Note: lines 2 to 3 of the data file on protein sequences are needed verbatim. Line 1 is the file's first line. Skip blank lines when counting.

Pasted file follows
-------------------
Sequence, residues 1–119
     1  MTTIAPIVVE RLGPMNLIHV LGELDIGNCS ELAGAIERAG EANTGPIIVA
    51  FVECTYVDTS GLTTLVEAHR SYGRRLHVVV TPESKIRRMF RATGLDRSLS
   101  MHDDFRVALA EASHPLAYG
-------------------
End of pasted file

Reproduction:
     1  MTTIAPIVVE RLGPMNLIHV LGELDIGNCS ELAGAIERAG EANTGPIIVA
    51  FVECTYVDTS GLTTLVEAHR SYGRRLHVVV TPESKIRRMF RATGLDRSLS